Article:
Have you seen them? They're baaa-aack! It always warms my heart a bit when I go outside to look at my milkweed and find monarch caterpillars or their chrysalis dangling on the branches.
Monarch caterpillars are pretty distinct. Obviously, they are a caterpillar, so they have a worm-like body that is yellow, white and black striped. The caterpillars have two long, black projections that look similar to antennae towards the head region and then two black shorter projections near the end of the abdomen.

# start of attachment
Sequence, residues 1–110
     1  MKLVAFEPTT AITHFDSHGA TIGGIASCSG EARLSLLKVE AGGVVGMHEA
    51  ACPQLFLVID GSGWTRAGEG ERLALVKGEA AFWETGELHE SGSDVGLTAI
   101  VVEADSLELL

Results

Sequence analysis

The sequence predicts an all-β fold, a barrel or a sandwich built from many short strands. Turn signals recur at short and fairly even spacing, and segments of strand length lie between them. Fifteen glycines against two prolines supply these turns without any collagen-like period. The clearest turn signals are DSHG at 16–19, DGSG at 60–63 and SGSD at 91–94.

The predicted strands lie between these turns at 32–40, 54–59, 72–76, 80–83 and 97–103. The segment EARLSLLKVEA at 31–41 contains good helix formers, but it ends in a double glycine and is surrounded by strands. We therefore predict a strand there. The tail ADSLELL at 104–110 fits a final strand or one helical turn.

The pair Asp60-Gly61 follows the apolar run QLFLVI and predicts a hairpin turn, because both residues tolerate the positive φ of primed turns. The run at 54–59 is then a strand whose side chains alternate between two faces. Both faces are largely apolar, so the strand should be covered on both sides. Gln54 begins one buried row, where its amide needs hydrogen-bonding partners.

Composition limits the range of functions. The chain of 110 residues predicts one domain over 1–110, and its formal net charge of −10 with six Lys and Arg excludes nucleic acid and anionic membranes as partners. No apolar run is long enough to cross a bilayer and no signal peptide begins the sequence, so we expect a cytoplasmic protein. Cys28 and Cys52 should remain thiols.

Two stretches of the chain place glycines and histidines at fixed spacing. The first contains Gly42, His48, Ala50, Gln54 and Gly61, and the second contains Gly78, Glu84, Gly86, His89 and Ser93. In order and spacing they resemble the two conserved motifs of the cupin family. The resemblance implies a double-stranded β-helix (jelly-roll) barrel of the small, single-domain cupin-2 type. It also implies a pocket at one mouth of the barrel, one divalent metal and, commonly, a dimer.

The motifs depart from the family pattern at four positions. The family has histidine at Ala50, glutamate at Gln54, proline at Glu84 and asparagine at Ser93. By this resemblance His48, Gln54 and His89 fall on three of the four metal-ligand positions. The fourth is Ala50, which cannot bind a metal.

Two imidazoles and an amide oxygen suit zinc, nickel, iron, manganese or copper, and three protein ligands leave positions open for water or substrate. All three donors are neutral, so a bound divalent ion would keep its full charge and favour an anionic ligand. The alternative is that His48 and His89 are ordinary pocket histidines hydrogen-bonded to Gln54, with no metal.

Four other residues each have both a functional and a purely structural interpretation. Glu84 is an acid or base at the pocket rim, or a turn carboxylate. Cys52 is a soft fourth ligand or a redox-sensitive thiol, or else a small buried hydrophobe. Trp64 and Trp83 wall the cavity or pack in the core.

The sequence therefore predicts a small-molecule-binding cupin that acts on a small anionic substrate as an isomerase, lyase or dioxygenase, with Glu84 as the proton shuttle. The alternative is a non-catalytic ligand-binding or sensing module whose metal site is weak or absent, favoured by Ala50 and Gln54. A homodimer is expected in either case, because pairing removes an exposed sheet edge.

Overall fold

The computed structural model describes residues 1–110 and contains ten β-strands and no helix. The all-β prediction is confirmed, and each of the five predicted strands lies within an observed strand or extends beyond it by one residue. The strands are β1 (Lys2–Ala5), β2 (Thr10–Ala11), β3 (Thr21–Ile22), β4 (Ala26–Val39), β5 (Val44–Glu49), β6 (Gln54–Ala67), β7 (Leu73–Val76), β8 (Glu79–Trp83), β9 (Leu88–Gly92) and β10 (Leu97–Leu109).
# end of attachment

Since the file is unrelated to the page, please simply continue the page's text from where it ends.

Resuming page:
The pupa, or chrysalis, is usually formed on the milkweed plant and starts off bright green with metallic gold at the top. The chrysalis will change colors as time goes on and the caterpillar transforms into a butterfly. It eventually becomes transparent and you can kind-of see the butterfly inside.
After the adult (the butterfly) emerges from the chrysalis, it spreads it's wings and stays in place for several hours to allow it's exoskeleton to dry and harden before it can fly away.